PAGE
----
R.I.P. Creighton Holley

Categories: In Memoriam

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Some sad news to report today: We've received word that bluesman Creighton Holley passed away yesterday. The news is devastating to the scene, in general, but particularly for the blues community, which is still grieving the loss of John-Alex Mason, who passed away this past fall at the tragically young age of 35.

While Holley, who just turned 65 last month, had some health concerns related to his heart, he died from a blood-borne form of cancer. Over the summer, Holley was involved in a car accident that damaged a pacemaker that had been installed in his heart the previous year.

Just before the holidays, during a routine checkup to monitor his recovery from that accident, doctors discovered the cancer. And while they made efforts to treat it through medicinal means rather than through radiation, those efforts ultimately proved to be unsuccessful, and Holley ended up passing away yesterday.

Holley, a beloved and longtime member of the local blues community, leaves behind two daughters and a slew of admirers. From his time fronting the Creighton Holley Band and performing with AOA to collaborating with Dan Treanor and hosting Herb's Hideout's famed Monday-night jams, Holley was a highly active member of the scene. For a time, he was also a member of the Rhythm Kings out of Chicago. Beyond bolstering his pedigree, his time with that act proved to be a significant part of his legacy.

"When he joined the Rhythm Kings, at that time people from Colorado just were not taken seriously as blues artists," notes Kai Turner, local blues aficionado and longtime host of Strictly Blues on 103.5/The Fox. "And here comes Creighton Holley, walking into a band that, really, was one of the premier backing bands in Chicago, featuring people like Gene Barge, who just had an incredible blues lineage. These were people who had backed some of the biggest names in Chicago, and they asked Creighton to be their lead singer. So it was sort of a real acknowledgement of the charisma and power that he had."

"Since he's been sick," says Turner, "he hasn't played much, but he's always been one of the great local blues players. His album, Survivor, really sort of set the standard as to what blues from Colorado was supposed to sound like. He was always an energetic and compassionate man, and he always put on a great show.

"He had a very energetic feel for the way that he did his music, and he kind of lived it," Turner goes on. "You know, Survivor was sort of biographical in the sense that that's what he did. He did what he had to do in order to keep playing that music, even if it meant working a 5 a.m. shift at UPS and then doing gigs until three in the morning. He was a hard worker and a great blues artist."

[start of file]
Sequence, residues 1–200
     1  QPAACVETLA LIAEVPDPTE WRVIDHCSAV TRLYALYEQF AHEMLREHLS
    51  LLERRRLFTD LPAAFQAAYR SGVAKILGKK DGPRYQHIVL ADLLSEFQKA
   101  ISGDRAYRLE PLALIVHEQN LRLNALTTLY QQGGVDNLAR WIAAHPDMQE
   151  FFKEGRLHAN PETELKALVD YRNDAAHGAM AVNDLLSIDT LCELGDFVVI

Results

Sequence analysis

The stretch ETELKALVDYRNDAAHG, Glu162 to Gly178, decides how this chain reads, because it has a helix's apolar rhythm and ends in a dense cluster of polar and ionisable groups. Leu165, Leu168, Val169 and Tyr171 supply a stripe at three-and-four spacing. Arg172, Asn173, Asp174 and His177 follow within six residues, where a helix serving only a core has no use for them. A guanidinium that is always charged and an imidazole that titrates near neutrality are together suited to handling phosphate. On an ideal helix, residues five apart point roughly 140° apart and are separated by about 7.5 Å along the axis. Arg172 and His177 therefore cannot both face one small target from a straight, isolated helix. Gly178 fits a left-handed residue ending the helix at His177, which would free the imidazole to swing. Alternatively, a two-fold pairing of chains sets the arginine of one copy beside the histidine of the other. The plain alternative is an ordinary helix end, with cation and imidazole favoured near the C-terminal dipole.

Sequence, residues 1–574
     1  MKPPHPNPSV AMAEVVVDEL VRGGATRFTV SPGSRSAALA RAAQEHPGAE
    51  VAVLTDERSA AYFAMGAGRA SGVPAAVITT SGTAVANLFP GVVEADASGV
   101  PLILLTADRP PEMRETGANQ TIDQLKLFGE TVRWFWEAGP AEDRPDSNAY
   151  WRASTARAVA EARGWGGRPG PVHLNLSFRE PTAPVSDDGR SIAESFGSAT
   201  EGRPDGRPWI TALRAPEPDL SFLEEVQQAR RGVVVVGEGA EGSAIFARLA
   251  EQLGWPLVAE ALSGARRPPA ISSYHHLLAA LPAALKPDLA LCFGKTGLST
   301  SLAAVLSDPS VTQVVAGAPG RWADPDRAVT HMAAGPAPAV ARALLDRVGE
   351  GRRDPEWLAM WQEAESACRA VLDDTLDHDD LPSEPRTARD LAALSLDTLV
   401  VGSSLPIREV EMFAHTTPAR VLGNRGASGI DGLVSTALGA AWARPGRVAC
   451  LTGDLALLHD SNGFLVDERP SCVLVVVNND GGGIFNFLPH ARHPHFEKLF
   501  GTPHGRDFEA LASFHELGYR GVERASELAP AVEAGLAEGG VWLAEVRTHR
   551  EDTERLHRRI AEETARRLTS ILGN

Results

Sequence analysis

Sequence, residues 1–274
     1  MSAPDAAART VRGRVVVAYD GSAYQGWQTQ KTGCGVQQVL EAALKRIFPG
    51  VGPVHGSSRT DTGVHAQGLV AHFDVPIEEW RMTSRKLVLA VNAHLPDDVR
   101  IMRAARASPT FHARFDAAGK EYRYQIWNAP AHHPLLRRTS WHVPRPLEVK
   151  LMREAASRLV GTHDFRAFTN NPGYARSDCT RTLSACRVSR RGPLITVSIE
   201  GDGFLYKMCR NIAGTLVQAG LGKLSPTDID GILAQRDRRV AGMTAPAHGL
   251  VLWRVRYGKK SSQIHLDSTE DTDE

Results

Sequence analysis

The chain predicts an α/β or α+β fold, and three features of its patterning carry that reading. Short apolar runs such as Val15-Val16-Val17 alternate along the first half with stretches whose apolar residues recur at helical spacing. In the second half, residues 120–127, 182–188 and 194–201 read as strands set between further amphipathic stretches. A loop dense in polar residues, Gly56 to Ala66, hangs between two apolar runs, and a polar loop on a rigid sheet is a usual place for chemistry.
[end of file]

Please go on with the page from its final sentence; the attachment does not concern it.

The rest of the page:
"Hands down, he was the most talented singer/guitar player I've worked with," says drummer Kyle Borthick (aka Kyle Roberts), who played with Holley off and on for more than a decade. "I really can't say enough about his talent. I mean, the guy was astoundingly good. His ear for harmony -- if you were singing a song, you couldn't ask for a better person to back you up, as far as coming up with great parts. His own original material was really, really good. The guy was just a fountain of creativity and great ideas."

"One of the beautiful songs he wrote is called 'Day In, Day Out' -- it's on his solo CD," Borthick recalls. "I remember when he got the idea for it. We were riding around in his car, and he had this old Buick or Oldsmobile, and the turn signal made this kind of metallic sound, like dink-dank-dink-dank -- something like that, you know -- and he goes, 'Wow,' and then he starts humming to himself. And he ended up writing this beautiful song, 'Day In, Day Out,' which is like a Marvin Gaye-style love ballad, based on the idea that he got from hearing the two notes this funky little turn signal made. That's the kind of creativity we're talking about.

"I did the booking for the Creighton Holley Band in the '90s, and when I'd be talking to club owners, telling them about what kind of music it was, I'd describe it like, 'Well, it's like George Benson meets James Brown with a little B.B. King thrown on top of it,'" Borthick continues. "He was as good -- I mean, James Brown is kind of a phenomenon as a performer -- but Creighton's ideas and the horn parts he would come up with were on that caliber. And his guitar playing? He could stand toe-to-toe with anybody. And his soulfulness...not just single-note stuff, but he could play chord solos and he could scat sing-a-long with his single-note stuff in harmony. And he was totally self-taught. He was just one of those phenomenal talents that you don't meet every day. It's a big loss, for sure."

"I think he's influenced just about everybody who's ever seen him," Turner concludes. "Musically, I think, his guitar-playing style was just a very powerful, clean style. And he influenced a lot of guitar players. I think anybody who started playing blues or was introduced to playing blues, especially in the 1990s, was most definitely influenced by Creighton Holly."

As far as we know, no services for Holley are planned at this time. If that changes, we'll certainly let you know. In the meantime, this Sunday, January 8, at 5 p.m., Herb's Hideout is hosting a celebration of his life, which will include an open jam. Players are invited to bring their instruments and a side dish. Clearly he'll be solely missed. "Many of us have lost a very valued friend," says Chris Kresge, host of the Colorado Sound, "and a brilliantly accomplished musician in our community."

We've reached out to several friends of Creighton for more reflections, and we'll be adding those as we get them. Also, please feel free to offer your condolences or share your favorite memory of Creighton in the comments section below. In the meantime, our thoughts and prayers go out to Creighton's friends and family.